By John Strege

LA JOLLA, Calif. — Tiger Woods has still got it, based on the only metric reliable at the conclusion of a 17-month hiatus. He can still sell tickets.

Thursday was not a holiday in San Diego, though the number of those lining both sides of the first fairway of the South Course at Torrey Pines, and surrounding the green three or four deep, suggested it wasn’t a work day, nonetheless. “The turnout was unbeliebable,” playing partner Jason Day said. “That’s kind of the old-school days of Tiger Woods.”

Anticipation was greater than expectation, or at least should have been.

His first PGA Tour start since September of 2015 was a success only on the basis of his having completed it without apparent pain, not inconsequential for one who was shelved by chronic back issues that led to a second microdiscectomy surgery.

“I said it over the last couple days, we can’t just break down everything he did today because it’s been 17 months,” Day said.

Woods’ score, largely immaterial under the circumstances, was a four-over par 76 in the first round of the Farmers Insurance Open, 11 back of leader Justin Rose, who shot 65 on the North, and 10 off the best score posted on the more difficult South, a 66 by Adam Hadwin.

“I fought my tail off out there,” he said. “I fought hard. It was nice to put together a round when I wasn’t hitting it that great early.”

The South Course can’t be played effectively from the rough in the aftermath of a series of storms and an unusually wet winter that have left it gnarly. Woods, who hit only four of 14 fairways, demonstrably proved that. He hit only nine of 18 greens in regulation.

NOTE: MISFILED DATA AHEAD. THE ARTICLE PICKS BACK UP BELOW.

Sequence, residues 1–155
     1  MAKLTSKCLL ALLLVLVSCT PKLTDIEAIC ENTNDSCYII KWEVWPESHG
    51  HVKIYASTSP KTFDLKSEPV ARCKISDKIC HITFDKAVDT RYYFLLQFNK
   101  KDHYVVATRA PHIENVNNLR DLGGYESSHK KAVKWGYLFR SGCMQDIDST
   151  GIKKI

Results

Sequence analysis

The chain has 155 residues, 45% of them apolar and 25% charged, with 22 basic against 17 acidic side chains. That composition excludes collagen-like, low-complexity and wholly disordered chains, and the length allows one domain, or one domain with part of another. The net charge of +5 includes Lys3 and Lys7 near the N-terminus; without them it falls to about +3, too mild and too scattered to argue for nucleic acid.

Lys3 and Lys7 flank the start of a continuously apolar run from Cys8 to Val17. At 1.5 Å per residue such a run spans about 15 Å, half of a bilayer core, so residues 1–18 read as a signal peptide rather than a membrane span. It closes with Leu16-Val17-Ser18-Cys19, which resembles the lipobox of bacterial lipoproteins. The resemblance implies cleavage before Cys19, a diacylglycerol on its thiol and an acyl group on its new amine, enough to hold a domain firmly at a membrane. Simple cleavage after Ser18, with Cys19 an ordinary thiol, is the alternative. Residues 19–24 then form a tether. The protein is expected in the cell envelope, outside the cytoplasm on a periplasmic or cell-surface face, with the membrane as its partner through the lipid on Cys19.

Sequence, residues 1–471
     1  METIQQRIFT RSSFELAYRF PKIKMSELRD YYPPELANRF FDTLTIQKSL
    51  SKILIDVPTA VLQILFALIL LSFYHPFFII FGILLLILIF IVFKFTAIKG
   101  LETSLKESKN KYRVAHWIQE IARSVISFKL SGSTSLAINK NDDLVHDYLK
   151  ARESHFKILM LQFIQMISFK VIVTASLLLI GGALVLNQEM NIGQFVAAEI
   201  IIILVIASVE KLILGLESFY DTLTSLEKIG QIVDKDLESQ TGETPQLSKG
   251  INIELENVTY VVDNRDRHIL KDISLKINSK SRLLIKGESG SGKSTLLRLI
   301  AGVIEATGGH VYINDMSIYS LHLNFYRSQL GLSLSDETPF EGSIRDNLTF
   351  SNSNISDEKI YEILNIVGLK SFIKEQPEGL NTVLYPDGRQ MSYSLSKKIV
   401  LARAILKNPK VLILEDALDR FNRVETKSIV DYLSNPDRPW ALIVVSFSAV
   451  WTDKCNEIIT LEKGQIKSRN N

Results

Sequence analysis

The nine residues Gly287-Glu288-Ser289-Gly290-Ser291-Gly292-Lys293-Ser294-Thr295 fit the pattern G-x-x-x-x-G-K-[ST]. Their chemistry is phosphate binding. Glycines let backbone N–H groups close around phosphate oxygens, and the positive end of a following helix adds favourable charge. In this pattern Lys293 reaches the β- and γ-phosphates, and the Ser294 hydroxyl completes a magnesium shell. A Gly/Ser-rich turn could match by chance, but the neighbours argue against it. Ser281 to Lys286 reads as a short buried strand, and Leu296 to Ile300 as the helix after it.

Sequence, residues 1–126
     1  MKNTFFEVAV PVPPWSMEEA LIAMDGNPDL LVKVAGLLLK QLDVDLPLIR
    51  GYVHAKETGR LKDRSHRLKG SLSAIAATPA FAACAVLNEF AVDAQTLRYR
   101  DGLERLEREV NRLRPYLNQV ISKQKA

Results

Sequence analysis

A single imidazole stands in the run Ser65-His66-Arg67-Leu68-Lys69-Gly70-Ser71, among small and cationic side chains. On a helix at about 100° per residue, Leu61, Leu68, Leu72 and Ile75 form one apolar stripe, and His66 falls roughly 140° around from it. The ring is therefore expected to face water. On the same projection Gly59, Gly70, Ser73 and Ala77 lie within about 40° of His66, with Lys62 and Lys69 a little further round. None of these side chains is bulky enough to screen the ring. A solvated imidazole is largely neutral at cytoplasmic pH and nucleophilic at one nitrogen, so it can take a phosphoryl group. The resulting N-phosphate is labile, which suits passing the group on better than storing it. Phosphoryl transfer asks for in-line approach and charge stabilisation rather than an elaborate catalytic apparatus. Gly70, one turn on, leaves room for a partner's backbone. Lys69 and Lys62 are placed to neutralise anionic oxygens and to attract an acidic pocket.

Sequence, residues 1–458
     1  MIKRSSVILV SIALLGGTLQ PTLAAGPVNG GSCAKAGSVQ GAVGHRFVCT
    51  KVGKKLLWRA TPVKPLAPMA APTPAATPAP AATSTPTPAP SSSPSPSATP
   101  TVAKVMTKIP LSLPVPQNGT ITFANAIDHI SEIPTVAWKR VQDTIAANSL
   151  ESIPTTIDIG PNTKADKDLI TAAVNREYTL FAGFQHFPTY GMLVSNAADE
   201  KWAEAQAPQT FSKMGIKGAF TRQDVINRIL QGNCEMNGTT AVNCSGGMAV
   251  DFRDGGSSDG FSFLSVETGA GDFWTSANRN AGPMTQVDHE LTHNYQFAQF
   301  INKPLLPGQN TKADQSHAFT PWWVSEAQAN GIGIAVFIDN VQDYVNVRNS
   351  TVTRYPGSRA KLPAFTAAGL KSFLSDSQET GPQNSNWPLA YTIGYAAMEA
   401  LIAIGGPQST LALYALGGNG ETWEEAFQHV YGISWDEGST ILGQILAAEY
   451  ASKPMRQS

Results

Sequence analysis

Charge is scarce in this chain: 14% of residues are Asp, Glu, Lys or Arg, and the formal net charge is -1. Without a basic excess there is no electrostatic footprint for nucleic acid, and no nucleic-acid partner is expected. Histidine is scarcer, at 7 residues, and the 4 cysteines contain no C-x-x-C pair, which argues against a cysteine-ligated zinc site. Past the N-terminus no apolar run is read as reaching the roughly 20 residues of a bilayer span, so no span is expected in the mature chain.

“It was tough out there, period,” Woods said. “I was in the rough most of the day. It was wet. The very first hole, we’ve got a ball that’s sitting into the grain, buried underneath there. So I’m like, ‘OK, this is the very first hole. Let’s not do this anymore.’ Unfortunately I did most of the day.”

Woods, 41, largely missed right, until the 15th hole, where his tee shot veered hard left and into a canyon. It led to a double-bogey six on the heels of three straight bogeys. He played the last seven holes in five-over par.

“I was one under through 11 and was in a good spot to really shoot a good round today and didn’t really have my best stuff early,” he said. “But I got through there. And that’s one of the positives I’m going to take out of it.”

He has an uphill climb on the North Course on Friday to extend his comeback to the weekend. He stands 133rd in a 155-player field.

But it’s a start, as they say, not a memorable one, necessarily, but an important one.